His head was at least two feet below the basement floor when earth started pouring in on him. "I didn't think I was going to live," recalled Torres.


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He believes it took the other worker at least half an hour to clear the earth away from his face and rescue workers five hours to free him.

"I can't work ... I can't lift anything," said Torres, whose knees, shoulder and back were injured in the accident and who eventually sought help from the Interfaith Worker Rights Center on Chicago's North Side, which helped him find an attorney to file a worker's compensation claim.

Officials from the federal agency that oversees worker safety say they have watched the spiral of Latino deaths at construction sites and taken steps. They have distributed guides in Spanish, partnered with Latino community groups, and 22 of the 26 training grants for construction safety given out last year were aimed at Latinos.

"We are appalled that there are this many fatalities, whether for Hispanics or others," said Steve Witt, director of construction programs in Washington, D.C., for the U.S. Occupational Safety and Health Administration. "We are adjusting our programs and acting as aggressively as we can."

But experts like Jim Platner, an industrial hygienist at the Center for Construction Research and Training, question why there has not been a "payoff" from the government's efforts.

They say the federal government and states must be more aggressive in discovering what Chicago attorney Jose Rivero describes as "a clandestine world where there is no security."

In places like California, where the number of Latinos killed in construction mishaps grew by 70 percent between 2003 and 2006, there simply aren't enough inspectors to track down the dangerous and out-of-the-way work sites where workers are injured, said Linda Delp, an occupational safety expert at the University of California at Los Angeles.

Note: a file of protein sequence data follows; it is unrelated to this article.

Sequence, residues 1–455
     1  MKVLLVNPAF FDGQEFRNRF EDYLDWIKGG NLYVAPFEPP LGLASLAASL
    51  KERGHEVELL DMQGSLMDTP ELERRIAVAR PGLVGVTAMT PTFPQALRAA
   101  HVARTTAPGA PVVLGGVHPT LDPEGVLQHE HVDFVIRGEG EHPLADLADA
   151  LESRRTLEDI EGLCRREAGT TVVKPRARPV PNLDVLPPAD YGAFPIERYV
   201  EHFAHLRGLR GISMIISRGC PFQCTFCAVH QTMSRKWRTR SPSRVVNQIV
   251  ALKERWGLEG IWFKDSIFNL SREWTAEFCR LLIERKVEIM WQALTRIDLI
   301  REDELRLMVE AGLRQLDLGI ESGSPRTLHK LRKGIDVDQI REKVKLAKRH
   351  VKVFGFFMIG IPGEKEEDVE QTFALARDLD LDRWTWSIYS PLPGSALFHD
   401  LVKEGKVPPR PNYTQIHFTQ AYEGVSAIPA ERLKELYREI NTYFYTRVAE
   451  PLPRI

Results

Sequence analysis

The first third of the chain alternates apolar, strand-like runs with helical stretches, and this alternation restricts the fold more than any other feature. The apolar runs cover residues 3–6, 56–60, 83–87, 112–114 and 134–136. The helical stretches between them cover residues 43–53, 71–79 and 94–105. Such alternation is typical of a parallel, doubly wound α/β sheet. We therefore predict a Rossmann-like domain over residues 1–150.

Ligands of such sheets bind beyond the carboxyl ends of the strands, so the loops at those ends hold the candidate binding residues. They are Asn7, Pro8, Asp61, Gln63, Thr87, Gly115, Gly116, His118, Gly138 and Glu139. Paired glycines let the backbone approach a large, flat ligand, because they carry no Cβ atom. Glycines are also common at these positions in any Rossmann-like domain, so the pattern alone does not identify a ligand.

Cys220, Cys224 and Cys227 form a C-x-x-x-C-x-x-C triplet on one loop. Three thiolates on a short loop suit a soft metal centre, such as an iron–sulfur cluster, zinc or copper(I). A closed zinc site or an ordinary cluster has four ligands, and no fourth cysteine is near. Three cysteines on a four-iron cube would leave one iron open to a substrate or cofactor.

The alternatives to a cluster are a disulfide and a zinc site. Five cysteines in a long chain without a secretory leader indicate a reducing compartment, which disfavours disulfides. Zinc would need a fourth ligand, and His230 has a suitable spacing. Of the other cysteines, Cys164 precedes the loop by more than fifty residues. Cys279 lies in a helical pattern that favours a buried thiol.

But finding unscrupulous construction contractors is not easy, says Chicago attorney John Budin. "A lot of these contractors are not licensed or bonded. And they don't report injuries to OSHA," he said.

Worker had spoken out

Lopez was not a newcomer to construction, having done such work since coming to the U.S. more than five years ago, and before that in Guatemala. He had also spoken out when he considered the work dangerous, such as on a job several months before his accident.

"We were on scaffolds and I asked the guy for a security belt because it was windy and with a fall from there, you aren't going to get up," he said. "But he didn't want to give them to any of us and so he got rid of me because I didn't want to go up there without protection."

The day he fell last October, Lopez and another man were on the roof working on Chicago's North Side.

Lopez said he had asked the other worker to nail down a board that they would use for footing. But the man, inexperienced in construction, didn't do as asked, and the board flew away the instant Lopez's foot touched it.

As he fell through the house, Lopez said, "I felt that I was going to die. I remember seeing the faces of my children in my mind."

Lopez didn't report his injury to any agency. He didn't even know he could.

And his world shrank dramatically. Now he lives in a basement, supported by friends and relatives, and rarely leaves. Therapy is impossible, he said, because he is an illegal immigrant and cannot seek government support.

Since he could no longer send money home his wife had to sell the house they bought in Guatemala City with the money he earned in Chicago. He also expects to be going home soon, since the formula that he lived by is shattered, just like his spine.

"Here in the United States, a day without work is a day lost, a day without earning money."

Copyright © 2008, Chicago Tribune